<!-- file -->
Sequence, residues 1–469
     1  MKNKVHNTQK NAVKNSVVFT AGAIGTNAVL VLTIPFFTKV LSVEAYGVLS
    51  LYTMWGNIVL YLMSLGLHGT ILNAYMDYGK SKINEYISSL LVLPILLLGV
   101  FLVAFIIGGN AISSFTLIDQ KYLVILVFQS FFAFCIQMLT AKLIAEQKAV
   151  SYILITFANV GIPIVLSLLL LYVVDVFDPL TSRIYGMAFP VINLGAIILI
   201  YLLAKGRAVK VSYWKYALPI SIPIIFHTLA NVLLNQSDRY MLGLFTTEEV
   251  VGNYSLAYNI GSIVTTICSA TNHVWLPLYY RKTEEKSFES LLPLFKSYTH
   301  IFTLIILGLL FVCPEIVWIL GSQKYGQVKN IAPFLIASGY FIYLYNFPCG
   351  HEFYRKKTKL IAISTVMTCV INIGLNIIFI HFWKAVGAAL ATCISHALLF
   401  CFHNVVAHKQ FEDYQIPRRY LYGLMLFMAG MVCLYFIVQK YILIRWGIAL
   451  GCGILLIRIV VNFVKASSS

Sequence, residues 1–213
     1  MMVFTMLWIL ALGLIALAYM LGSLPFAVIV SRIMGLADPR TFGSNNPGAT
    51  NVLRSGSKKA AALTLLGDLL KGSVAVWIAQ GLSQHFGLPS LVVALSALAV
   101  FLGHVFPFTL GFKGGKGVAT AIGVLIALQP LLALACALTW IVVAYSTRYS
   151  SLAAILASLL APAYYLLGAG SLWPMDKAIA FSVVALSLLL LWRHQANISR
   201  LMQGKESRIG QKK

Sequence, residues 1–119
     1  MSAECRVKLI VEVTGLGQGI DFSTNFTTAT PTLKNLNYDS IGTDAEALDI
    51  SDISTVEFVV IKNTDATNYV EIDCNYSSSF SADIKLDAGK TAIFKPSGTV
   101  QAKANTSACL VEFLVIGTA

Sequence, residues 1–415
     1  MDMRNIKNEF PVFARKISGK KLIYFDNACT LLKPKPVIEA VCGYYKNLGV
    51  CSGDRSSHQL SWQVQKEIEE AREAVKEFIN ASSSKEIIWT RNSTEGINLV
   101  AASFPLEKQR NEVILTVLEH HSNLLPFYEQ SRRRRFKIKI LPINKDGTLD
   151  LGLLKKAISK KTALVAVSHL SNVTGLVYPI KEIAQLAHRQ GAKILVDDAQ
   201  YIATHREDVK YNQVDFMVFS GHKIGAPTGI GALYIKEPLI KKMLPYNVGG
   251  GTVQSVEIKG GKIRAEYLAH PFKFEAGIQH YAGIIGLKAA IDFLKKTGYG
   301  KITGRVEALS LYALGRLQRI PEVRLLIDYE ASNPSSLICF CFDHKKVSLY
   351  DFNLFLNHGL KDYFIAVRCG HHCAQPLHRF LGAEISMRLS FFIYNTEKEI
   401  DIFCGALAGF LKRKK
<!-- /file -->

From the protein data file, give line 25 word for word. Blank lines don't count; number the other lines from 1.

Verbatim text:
   101  AASFPLEKQR NEVILTVLEH HSNLLPFYEQ SRRRRFKIKI LPINKDGTLD